Newspaper Page Text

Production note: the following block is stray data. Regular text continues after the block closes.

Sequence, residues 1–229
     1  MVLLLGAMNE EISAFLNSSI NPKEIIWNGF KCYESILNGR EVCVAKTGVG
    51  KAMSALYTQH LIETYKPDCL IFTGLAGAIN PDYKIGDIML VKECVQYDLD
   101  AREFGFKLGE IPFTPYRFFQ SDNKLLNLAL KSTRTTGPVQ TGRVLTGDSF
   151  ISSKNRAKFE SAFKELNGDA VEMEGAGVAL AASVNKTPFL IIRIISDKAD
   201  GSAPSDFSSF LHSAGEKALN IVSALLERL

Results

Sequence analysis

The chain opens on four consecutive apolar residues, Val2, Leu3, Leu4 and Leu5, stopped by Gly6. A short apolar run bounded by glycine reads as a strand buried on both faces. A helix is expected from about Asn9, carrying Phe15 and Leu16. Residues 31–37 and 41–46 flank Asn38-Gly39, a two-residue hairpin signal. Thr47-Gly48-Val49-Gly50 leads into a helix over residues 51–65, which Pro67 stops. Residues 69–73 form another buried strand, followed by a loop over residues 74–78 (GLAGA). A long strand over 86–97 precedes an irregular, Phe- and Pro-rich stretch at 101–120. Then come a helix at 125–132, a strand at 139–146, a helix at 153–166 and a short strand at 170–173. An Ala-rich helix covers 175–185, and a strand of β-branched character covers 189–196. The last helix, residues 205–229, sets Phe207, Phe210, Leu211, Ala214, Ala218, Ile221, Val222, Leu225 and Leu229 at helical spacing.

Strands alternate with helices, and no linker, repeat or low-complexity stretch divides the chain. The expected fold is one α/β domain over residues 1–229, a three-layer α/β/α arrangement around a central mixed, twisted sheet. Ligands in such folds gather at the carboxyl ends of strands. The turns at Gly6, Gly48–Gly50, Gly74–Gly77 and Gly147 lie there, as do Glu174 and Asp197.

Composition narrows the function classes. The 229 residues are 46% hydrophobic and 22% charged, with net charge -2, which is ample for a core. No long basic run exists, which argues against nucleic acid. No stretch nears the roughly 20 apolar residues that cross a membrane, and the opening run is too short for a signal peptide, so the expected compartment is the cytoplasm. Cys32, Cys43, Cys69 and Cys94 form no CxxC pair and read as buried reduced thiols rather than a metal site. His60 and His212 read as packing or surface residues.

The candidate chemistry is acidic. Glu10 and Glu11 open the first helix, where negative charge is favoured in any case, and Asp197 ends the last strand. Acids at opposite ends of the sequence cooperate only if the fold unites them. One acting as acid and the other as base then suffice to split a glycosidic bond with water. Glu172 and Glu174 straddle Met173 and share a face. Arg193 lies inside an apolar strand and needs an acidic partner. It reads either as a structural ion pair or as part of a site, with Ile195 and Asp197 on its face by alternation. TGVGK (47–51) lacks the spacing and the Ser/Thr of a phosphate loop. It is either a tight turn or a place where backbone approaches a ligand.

bosses,jon ht il.-~-Coui- e, i e state mt}\ ,VP0' "1 feeling h( adheiyrr .-.'•i tifl the s„t -1 •nmont. .1 usda.v w|, ident of tt "chela, wt as reelect# vus distasit «.y •ount of 1: e for act against foj afternoon ddenly 1 and operiff t-refary, ,\ iUed. Th -nvri after, ^olutiunist both sides San/.o, one VV iv- amon» tat this is a arza. I'],, 8 In 1 in ,')0 itimilting point of ilonterej lias ap or more on. -4 ».ye* Quit 'event th* 11. -The owned up l»y a s joined, i.y morn and 1.1MJ issued inpUtves ladies 3atI1i7.es!. MlSCs Of after- LTS and such as| his ritvi 1 NTti. and or-. 1 at the i in^rtoii (i come it wa 0 cur led bvl tat inn vl ig tlieC *ed bv: oilier! em en thmjr rnoon an flEBALD- ADVANCE. W. W. DOWNIE. Editor and I'ublis< •^fllLBANK, S. D. HIDE-AN'-SEEK. a stttin' here a Iistenin' to the rattle of the sleet, As it hummers 'gainst the winders broad an' high 0 the hum o' trade an' traffic sweepin' in from of? the street, As the heavy vans an' wagons rumble by •jpAii the whirligig o' mem'ry as it goes a bobbin' 2T 'round, S Hnngs some mighty welcome pictures into I view, the harp o' recollection has a sweet an' sooth in' sound, sar An chela. I Fer its music somehow makes me think o' I you. vjiow we ust to play at hide-an'-seek among the $ straw au' hay, 'Bout the stacks an' sheds an' hay-mows, on a sleepy summer day I Bright an' early Sunday morning we 'ud start for Sabbath school. Dressed in gingham shirts an' suits o' cotton ade With our bare feet kissed an' fondled by the breezes Ir?sh an' cool, Where the cherry trees In blossom spread I the'r shade. reporter °ps are or ik- In the the posse* bloodshed 11. -Tli, I 'n brougli: I'icdra a. genera of Di lia an maleor and wi. ar/.a. 0 lahua th( revoltec We ud chase the yellow butterflies along the dusty road. With our hats we'd fight the sassy bumble bees, •Till your freckled face was redder than the hollyhocks that growed In the churchyard, 'mong the feathered cedar trees We'd recite our Bible verses in a manner mild an' meek— Then we'd hurry home for dinner an' a game o' hide-an'-seek. There was Torniry Black played with us, an' his hair like tangled tow Streamed about a pair o' gray an' sober eyes: There was Jimmy White, whose head was black as any livin' crow, An' with features sort o' pucltered-like an' wise. Yes. an' little Polly Sadler, with 'er wavy chestnut curls, Ust, to stand around an' watch us as we played Seemed she'd ruther be with us than playin long-with other girls, Tho' we didn't like to have 'er, I'm afraid Au' I've seen 'er slyly wipin' tricklin' tears from off er cheek. When she thought no one was lookin'-~as we played at hide-an'-seeli. Up where the beneath the gloomy rafters, wasps ad built the'r nest An' the spider webs was reachin wide— Stretched upon a dusty timber—snugly from all the rest- far an' hid Was the place where me an'you'ud of'en hide. There the swailers sailin' 'round us screamed the'r anger in our ears. As they fanned the chaffy cobwebs in a gale Au tne youngsters couldn't find us, cause they had sech ouby fears 'Bout the wasps, an' cause the boards looked kind o' frail: but they'd st and upon the ladders, an" they'd strain the'r necks an' peek 'Till we'd nearly die a laflln' at 'em playin' hide-an'-seek. Ah. we've drifted an' we've scattered to the four winds of the earth! Tomniv bit the dust on Shiloh's bloody sod You a re still engaged at farmin' on the place thiil gave you birth Jimmy's over there in India servin' liod. 'ave raado a little money an' 'ave settled down at last, In the city fer to lead a quiet life: *Canse my childern's grown an' married—all my workin" days 're past. An' I've no one left to carc fer but my wife. Yes. an' little Polly Sadler sweeps 'er gray hair 'cross my cheek. As she watches mc a wrltin'—kind o' playin' hide-an'-seek! "S. Q. Lapius," in Ohio Farmer. I'MPH, here's a nice go, I'm sure," Joe No land muttered, as he emerged from a business building and turned down the street at an angry pace. "Here I've been led to believe all along that I was to inherit a fortune on my twenty-first birth day. and that 1 was tt) step into it without anything to do whatever and now it transpires that the fortune is mine only on conditions, and such conditions as I can't accept. In short, if I step into the fortune my uncle left I must step into matrimony at the same time, and with a woman of my uncle's choosing. Well, it's all over with me. so far as the fortune is concerned, for I positively will not marry for money." Joe tore along the streets, busy with his thoughts and blind to everything around him. until, in turning a corner he ran square into a pair of outstretched arms. lie looked up to find that it was Dick llerrington who had stopped him. "Hello, here, old boy!" Dick cried. "I want to know what's come over you? Are you fleeing from the police, or have you an important appointment to meet'.'" "Neither, Dick," Joe replied, with a grim smile. "Then, what's the ocasion of all this liaste? By George." eying- Joe closely, "you haven't been having a scene with some one, have you? You look all broke up from som« cause." "I've not been having a scene, exact ly." Joe replied, "butsomething rather similar." "Fact? Let's hear the particulars. old man, so I may tender my sympa thies. "I've just been up to see old Lawyer lily—mv guardian, you know." •Yes.'' "Well, I went tip to see about that fortune my uncle left, and which 1 supposed was to be mine." '•Was to be yours! Isn't it to be yours?" "No, it seems that it is not There is one provision in the will that knocks me clear out." "What is that, Joe?" "Why, it is a provision to the effect that before 1 can claim the fortune I must marry a second cousin by the name of Brown, a woman I have never seen and of whom I know absolutely nothing."1 Dick whistled, then laughed. "Well," he said directly, "is that all?" "All!"' Joe echoed half angrily. "Isn't that enough "l'erhaps. Ilut sav. I fail to see any thing very terrible in that provision. There's no need of your losing the fortune, I'm sure.'' "There isn't? I fail to see why." "IIuinph. man, what's to hinder your marrying the cousin? Hunt her up, j— o bo-V' and milke her your wlfe' Never!" cried Joe, emphatically. "When I marry 1 propose to choose my own wife. I'll never have a woman forced on me." "But the fortune, Joe!" Dick ex claimed. "They can do with that what they please." Joe replied. "I give it up." "And you don't propose to see Miss Brown at all?" "No." "Well, if I were in your place I would, Joe. She may be good-loolang and young and all th at. I'd see her, and if she isn't positively hideous I'd try and compromise with my con science a little and marry her, even if I didn't love her." "I won't do it," Joe replied. "If I ever marry it will be for love." "Well, you might learn to love her." "No, I should do no such thing.'' For a little while the two young men walked on in silence. Finally Dick Herrington renewed the conversation by remarking "Wonder what Miss Brown's first name is?" "Mary," Joe replied. In ease you don't marry her what becomes of the fortune?" "She gets it." "She does? The whole fifty thou sand dollars?" "Yes." "By George! she'll be well fixed," Dick said, half musingly. "Wonder where she is to be found?" "1 have no idea." "I suppose Illy knows?" "Yes, I presume so." "Say, Joe." Dick went on. after a short pause. "I believe I'll look Miss Brown up m.yself. I believe I might make myself solid with her, and a wife with fifty thousand dollars would be a right comfortable thing to have around." Dick spoke jestingly, but there was an air of seriousness about his speech and manner that Joe could not help noting, and which caused him to say: "Dick, you wouldn't marry the lady for money simply, would you?" "No. of course not. If I married her it would be for love, but that much money might have its weight in win ning my affections. Fifty thousand dollars is a charm that every woman doesn't possess, and when it is added to the usual female charms the possessor of it is likely to wield a powerful in fluence over a man's heart." "It might be so with some men's hearts," Joe answered, impatiently, "but not with mine." "Well, all mankind are not provided with the same idea, I suppose. Here is where I leave you, Joe. Good-by." Joe hurried to his lodgings, where he shut himself in his room and for a long time considered his situation seriously. He was a newspaper reporter, poor and hard-worked, and it was hard to take up the pencil again and return to the ceaseless grind of news-gathering when a fortune had been almost in his I»1CK MKKK1NGTON AND A LAi»Y. grasp, and he had considered himself rich. "Confound it all!" he mused. "I wish I had never heard of that fifty thousand dollars. Last week I was satisfied with my work ami perfectly contented to live on what. I earned. But now it is differ ent. It is cruelty to animals to fool people as I have been fooled, and any one who does it ought to be prosecuted. Two hours ago I went out of this room considering myself rich and planning all kinds of enjoyment, and now I come back as poor as I ever was. Well, thank goodness, I've got the nerve to stand it. I'm no worse off than I was only it makes a fellow feel kind of sold out to wake up :-ui lenly after thinking him self rich and find that it's all moon shine. Well, such is life." Joe felt his disappointment deeply, for his struggle for existence had been a long, hard one and he had planned out many things that he would do with his wealth to bring him pleasure and enjoyment. After a little while, how ever, he recovered his usual spirits, and, leaving his room with his old jaunty air, he repaired at once to the office of the morning paper for which he worked. The managing editor received him cordially and immediately gave him an assignment to one of the famous pleasure resorts near town. Joe ac cepted the position gladly, since it was a great relief to get away, even for a short time, from the hot streets and crowded thorougnfares of the metrop olis. In his new position Joe found much pleasure, for, although he was com pelled to work hard, there was an ex hilaration in the sea breezes and nov elty in his surroundings. It was far belter, at least, than the city, with its heat and dust and endless noise. About a week after his arrival Joe was one evening walking on the beach, and in passing around a point where a small path led he catne face to face with Dick Herrington and a la iy. lie was surprised to meet Dick there, and Dick was equally as much surprised to meet him, and each remarked some thing to that effect as they shook hands. Of course Dick introduced Joe to his companion, though he plainly pre ferred not to do so. Joe ilushed and started when he heard the lady's name, for instantly it occurred to him that she was the person his uncle had selected for him to marry. There were many Miss Browns, to be sure, but he felt confident that this was that special one, his cousin, and that Dick Herrington had indeed hunted her and with the intention of securing that fifty thousand dollars. His surmises were correct, as he learned from Herrington later. She was indeed Mary Brown, and Dick was laying siege to her heart with the purpose of winning her to his bosom. "You see," said Dick, "old Bly in formed me that Miss Brown was down here, and as I happened to be coming this way I thought I'd get acquainted with her. I met her to-day for the first time, and I must say that I am charmed with her already. But, by the bye, how came you here, old fellow?" "I have been here for a few days," replied Joe, "reporting for the—" "Ah!" exclaimed Dick, in a tone of relief. "You thought, like yourself, I had come in quest of Miss Brown, eh?" "Well, I didn't know. I thought per haps there might be something of that kind." "No. 1 shall not enter the field against you, Dick. Go in and win if you can." "Thanks. That's just what 1 shall do, and I believe I shall succeed. Miss Brown is charming, and, though she is not quite as young as I had imagined her to be, she is very handsome and exceedingly intellectual. 1 like intel lectual women, Joe." When Joe was alone that night he laughed as he had not laughed for weeks, and all at the remembrance of Miss Brown's appearance. That lady was at least forty years old, and as homely as a woman could be and live. She might be intellectual, but it so she didn't show it "Well," he remarked to« himself, "Dick has gone in for that S.jO,000, and if he's willing to marry Miss Brown to get it he certainly should have it She's far less desirable than I had supposed possible." Tho next day Miss Brown left for another resort, and Dick followed her, so Joe saw no more of them during his stay on the Beaeli. Two or three weeks passed and then one day there was an accident in which Joe. figured as a hero. A gentleman and two ladies were out in a boat, and from some cause they were capsized. The gentleman grasped one of the ladies and kept lier and himself out of the water, but he could not reach the other and she was left to her fate. There was no boat at hand and the crowd of spectators who gathered on the shore could do nothing but look oft and wait for the end. Joe Noland took in the situation at a glance, and, plunging into the water, swam to the rescue of the perishing lady. It was a hard struggle, but he battled with the waves and at last reached her just as her hands loosened their hold on the upturned boat He supported her until a boat was brought, thus saving her life. On reaching the shore Joe repaired directly to his room, wishing to avoid the thanks of the lady and her friends, but he had not been there long before he received an invitation to call at Mr. and Mrs. Elmore's room. Indeed, Mr. Elmore came himself to present the in vitation and to urge its acceptance. There was no help for it, so Joe went. He was introduced to Mrs. El more then Mr. Elmore said, turning to a young lady: "Miss Brown, this is Mr. Noland, your rescuer." Miss Brown extended her hand and attempted to pour out her gratitude to her deliverer, but she blushed and stammered, and did not say at all what she wished to say. She said quite enough to satisfy Joe, however, and before he left the room he felt that the debt was his. and that it was a blessed privilege to risk his life to save a crea ture so divine. Miss Brown was young and beautiful, not in the least like his cousin, and he was madly in love with her. He felt ihai he would a thousand times rather have her for his wife even if he had to live on bread and water than to have his cousin with a hundred times fifty thousand dollars. A month passed, and then one day Joe Noland ventured to breathe his love to Miss Brown. She listened, blushed, but did not repulse him. They became engaged. Shortly after that Joe made a discovery. His Miss Brown was his cousin, and the other was— well, few people knew anything of MISS BROWN KXTKNDKD HHK HAXD. her save that she was a husband hunter. Dick Herrington had come down in quest of Miss Mary Brown, and he had taken to the lady he fir.-,t met, never stopping to consider that there might be a dozen women of that name in a place so populous. So Joe Noland, although he refused to marry for money, got the fortune after all, while Dick Herrington, who was willing to sacrifice everything for money got—left—Thomas I*. Mont fort, in Chicago News. A MUSICAL WELL. Th® yu«er Natural Curiosity ot l'acoma. Wash. One of the most curious wells in the west is on the place of Henry M. Hen derson on Oakes avenue. This well can play a tune on a dozen different musical instruments at the same time, and has done it, which is an accom plishment that no human being is known to possess. The well is about four hundred feet deep. At nearly all hours of the day or night a wind blows up from the bottom of it, and whistles through the eracks of the tight board covering. When the wind does not blow out it seems to be sucked in by the well. An abundant supply of good water is in the well at all times, and where the wind comes from or where it goes is a mystery which Mr. Henderson has not solved. One day not long ago Mr. Hen derson collected all the musical instru ments he could—amounting to eight— from his neighbors and friends. He bored holes in the boards covering the well, and at one aperture placed a cor net, at another a bass horn, at another a clarionet, then a fife, an immense tin horn abont three yards long, which he had made, a mouth organ and other in struments, up to the number men tioned. One after another they began tc blow as he put them in. The hoarse growl of the bass horn mingled with the clarion tones cf the cornet and clarionet etc. When all were going the din was terrible, and there did not eeem to be a good note sounded. The wind does not come up from the well in a steady blow, but in gusts ol more or less force, and it was amusing as well as astonishing to hear the old bass and the nine-foot tin tube snort together.—Tacoma Herald. Yankee Notion* In Asia. A correspondent, giving an account of his experience while traveling through Asia, says: "I saw advertise ments for the sale of American watches filling whole columns in newspapers and large spaces on the outer walls of buildings in all the great cities of India. 1 heard the hum of the Ameri can sewing machine in the byways and broad streets of Bombay and Calcutta and Rangoon. I saw American lamps for burning American petroleum hawked about the streets on wheelbar rows for sale in Yokohama and Tokio and Shanghai. I heard the clatter of the American typewriter in Chefti and Tientsin and Swalow and Aintab. I saw American tram cars running in Tokio, and the American windmill pumping water on the bluffs of Yoko hama. I was glad when I heard the click of Connecticut clocks keeping good time for orientals, who are al ways behind. California canned fruits and Oregon salmon and Boston baked bean^ in hotels all over the east made me feel that home was not so very far away."—American Mail. —Fair Damsel (to our artist whoisex* plaining the, beauties of his picture)— "Charming! Charming! But, oh, Mr. FitzMadder, what a delightful room this would be for a dance— with the musicians in the gallery and all the easels and pictures and things cleared away!"—1'uneh. —The result of too much Greek—First classic—"By the way, hadn't Dante got another name?" Second classic—"Yes, Alfleri, I think—or else Alighieri. First classic—"Ah,perhaps you're right. I had a notion it was Gabriel Ilosset.ti or something!"—Punch. PERSONAL AND LITERARY". —The late king of Wurtemburg wa# very stout, as was his grandfather, the first king of the Wurtemburg family, who had so great a girth at the waist coat that he could not reach his plate when at dinner. —Sir Edwin Arnold says he has writ ten R.OOO editorial leaders, each of them averaging over half a column in length. He enjoys editorial work greatly, and i^ never happier, he says, than when pegging away with a pen. He always smokes a pipe when writing. —A noted character 111 the Sac and Fox nation in Nebraska is George E. iormelo, who for twenty years has teen an interpreter in the employ of the government. He speaks fourteen Indian dialects, and, though now sev enty years old and blind, has not out lived his usefulness. —A committee has been formed in Home of which Signor Cavalotti, Mr. Swinburne, Mr. Gladstone. Signor Amici, Signor Botighi and Signor Me notti Garibaldi are members, for the purpose of erecting a monument to Percy Shelley, the English poet who was drowned in lsi:]. -Emperor Wilhelm was very anxious to know, while visiting a certain corps, whether the officers had any nicknames for him. After being pressed, one of the young men modestly replied that because of the emperor's great enthu siasm about naval matters they usually alluded to him as "Gondola Willie." —The countess of Aberdeen, it is said, edits a monthly maga/.in-e entitled Onward and Fpward, of which her hus band is sub-editor and publisher. It is conducted in the interest of working girls. and is already a financial success. Their little nine-year-old daughter also edits and her father publishes a little monthly magazine entitled Wee Willie Winkle. —A strange figure on the streets of Washington is that of Josephine J. Ja roeki, a Polish countess and a grand niece of Count Pulaski, of revolution ary fame. She is described as a "hu man dried apple," poor to indigence and shabbily dressed, and she is about fifty years old. For twenty-five years nhe has been fighting for a fortune left by Count Pulaski. —The growth of periodical literature in France is shown by the following figures: In 1S*S() only ),07r periodicals were published in that co intry. while in 1890 the number had increased t-o .,011. Of the latter number 499 were conservative, 1.U54 republican and :,448 pursued no political tendency. Paris had 499 conservative and 1,164 repub lican publications. HUMOROUS. Martyr —"What is the tune you are whistling?" Whistler—"That's what I am trying to find out." Wagg—"Smith, the baker, is a very scholary person'" Quigley—"Why so?" Wagg—"He has a sign over his pie counter: 'Such stuff as dreams are made of.' "—Harper's Bazar. —Mrs. Kawler—"So your son is a doctor! Has he been in the business long?" Mrs. Backlotte—"Oh, yes, he must have been, for he wrote that he is n veterinary at it."—Boston News. —She doesn't tell ma. either. Ho tells her hew wicked he used to be, Till she shudders and softly crie»"La!" Bnt never, not ever, no. never does ho Tell any such yarns to her ma. -Indianapolis Journal. —"Mr. Van Arndt is a remarkable man. Actually, he can't dance!" "Nothing remarkable about that. Lots of fellows can't dance." "Yes but Mr. Arndt knowns he can't and uever even tries."—Truth. —Might Be Worse.—Gussie—"Don't you think 'The Man Without a Country' is just as sad as it can be?" Tessie— "Ye-es, it's very sad indeed. But I think the countt y without a man would be a good deal sadder, don't you?"— Boston Post. —Tom De Witt—"Vassar can not take the same rank among the colleges as Yale or Harvard." Kitty Winslow —"Why not?" Tom De Witt—"Well, for one thing, she never publishes in the newspapers the name of her oldest living graduate."—Kate Field's Wash ington. —Brown—"Do you believe there's such a thing in married life as perfect love? A case where both are of the same mind?" Fogg—"Oh, yes there are the Googleys, for instance. She thinks there never was a man in the world like her husband, and so does he."—Boston Transcript-. —Sappy- "I say,•Chappy. I've wather got the ideali that I uevah could be an actali, don tcher know?" Chappy— "What's the weason. deali boy?" Sappy "Why,old fellah,-donteher see. there's a wule I've wead someweah that weads, 'think twice befoali you ahct' That would wuin me it's more than a fellah can do now to think wonth, and 1 should just expiah if I had to think twice, ba jove."—Boston Courier. —Good Cause for Complaint.— Maj. Murgatroyd—"No, sir I do not like the newspaper of to-day! Let me give you an illustration. Last week I met a re porter of the Moon—casually, you un derstand—and told him casually—a good story about Judge Buugstarter's visit to my house and the time we had. Made him promise he wouldn't publish it. See?" —Pompano—"Yes. He prom ised?" Maj. M. "He did. Then what do you suppose?" Pompano (wearily)— "D' no."* Maj. M. (savagely) —"lia didn't publish it Not a line, sir not a liua!"— Smith, Gray & Co.'s Monthly.